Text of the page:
Astbury, John (DNB00)

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ASTBURY, JOHN (1688?–1743), potter, was a clever mechanic, who introduced himself disguised as an idiot to the wworks of two brothers named Elers, of Nürnberg, who had settled at Bradwell, Staffordshire, about 1690. He discovered the secrets of their manufacture of red ware, and, obtaining his discharge on pretence of sickness, set up a rival establishment at Shelton, also in the potteries. He introduced the use of Bideford pipeclay, and in 1720, happening to notice an ostler blowing powder from a red-hot flintstone pulverised into the eyes of a horse as a remedy, hit upon the application of calcined flint in pottery, which greatly improved his ware. He died in 1743, aged 55, as his tombstone in Stoke churchyard testifies, having made a fortune, and leaving several sons. One of these, Thomas, had begun business at Lane Delpli in 1725, and was the first English manufacturer of cream-coloured ware. Samuel Astbury, also a potter, a brother of John Astbury, married Elizabeth, the sister of Thomas Wedgewood, father of Josiah Wedgewood, and was in 1744 one of the witnesses to the deed of Josiah's apprenticeship to potteiy-making. Wedgewood's latest biographer attributes his success to his adoption of the important inventions described above, with which she credits Samuel Astbury. Possibly Samuel Astbury contributed to John's improvements of his art, but there seems no reason for doubting that it was John and not Samuel who was their discoverer.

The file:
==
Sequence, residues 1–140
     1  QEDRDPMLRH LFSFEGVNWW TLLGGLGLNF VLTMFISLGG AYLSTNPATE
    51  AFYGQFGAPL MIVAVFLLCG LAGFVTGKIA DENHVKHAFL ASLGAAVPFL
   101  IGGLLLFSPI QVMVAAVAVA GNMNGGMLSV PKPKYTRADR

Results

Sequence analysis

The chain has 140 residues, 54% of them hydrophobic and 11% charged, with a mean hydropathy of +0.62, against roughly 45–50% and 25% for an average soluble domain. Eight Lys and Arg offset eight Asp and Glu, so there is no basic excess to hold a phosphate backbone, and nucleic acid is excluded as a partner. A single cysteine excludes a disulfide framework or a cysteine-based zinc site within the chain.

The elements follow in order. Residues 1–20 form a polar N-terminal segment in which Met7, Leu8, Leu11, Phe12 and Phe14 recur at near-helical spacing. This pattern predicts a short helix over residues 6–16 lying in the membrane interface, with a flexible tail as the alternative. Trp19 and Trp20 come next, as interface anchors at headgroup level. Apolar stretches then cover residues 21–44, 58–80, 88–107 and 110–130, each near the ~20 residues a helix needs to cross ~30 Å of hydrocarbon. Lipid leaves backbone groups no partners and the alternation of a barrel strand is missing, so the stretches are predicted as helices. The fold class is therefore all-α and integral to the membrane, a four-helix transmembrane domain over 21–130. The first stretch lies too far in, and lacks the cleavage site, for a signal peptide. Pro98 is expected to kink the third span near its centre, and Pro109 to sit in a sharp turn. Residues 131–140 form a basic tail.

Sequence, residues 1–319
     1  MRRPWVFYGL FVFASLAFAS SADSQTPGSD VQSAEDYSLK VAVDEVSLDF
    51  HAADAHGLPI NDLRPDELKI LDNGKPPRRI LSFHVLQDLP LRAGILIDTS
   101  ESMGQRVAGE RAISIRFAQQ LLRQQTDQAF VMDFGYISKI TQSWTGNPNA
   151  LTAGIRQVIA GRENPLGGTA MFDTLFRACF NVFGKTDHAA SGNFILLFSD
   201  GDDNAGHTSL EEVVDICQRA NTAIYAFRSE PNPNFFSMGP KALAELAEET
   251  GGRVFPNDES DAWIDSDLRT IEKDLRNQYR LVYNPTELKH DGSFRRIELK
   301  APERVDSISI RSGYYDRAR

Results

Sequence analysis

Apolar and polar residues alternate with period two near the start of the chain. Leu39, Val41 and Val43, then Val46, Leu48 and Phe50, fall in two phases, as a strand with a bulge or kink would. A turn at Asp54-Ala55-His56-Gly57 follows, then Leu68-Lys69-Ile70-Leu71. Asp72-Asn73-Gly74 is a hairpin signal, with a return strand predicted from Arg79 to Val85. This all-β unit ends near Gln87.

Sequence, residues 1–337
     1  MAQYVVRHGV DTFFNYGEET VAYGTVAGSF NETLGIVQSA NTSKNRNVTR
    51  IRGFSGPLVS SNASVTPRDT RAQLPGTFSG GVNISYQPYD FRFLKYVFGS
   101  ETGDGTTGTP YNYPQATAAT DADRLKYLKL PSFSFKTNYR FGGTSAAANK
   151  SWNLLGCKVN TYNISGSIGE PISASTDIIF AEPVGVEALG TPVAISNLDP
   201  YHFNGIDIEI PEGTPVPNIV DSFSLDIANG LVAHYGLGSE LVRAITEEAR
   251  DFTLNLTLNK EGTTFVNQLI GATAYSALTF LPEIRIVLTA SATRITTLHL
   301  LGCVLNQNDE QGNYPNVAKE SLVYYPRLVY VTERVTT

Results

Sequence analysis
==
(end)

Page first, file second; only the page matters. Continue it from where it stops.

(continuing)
[Jewitt's Ceramic Art in Great Britain, passim; Eliza Meteyard's Life of Josiah Wedgewood, i. 140-56; Marryatt's History of Pottery, 194-5; Chaffers's Marks on Pottery and Porcelain, pp. 692-3; Shaw's History of Staffordshire Potteries, pp. 119-30, 141.]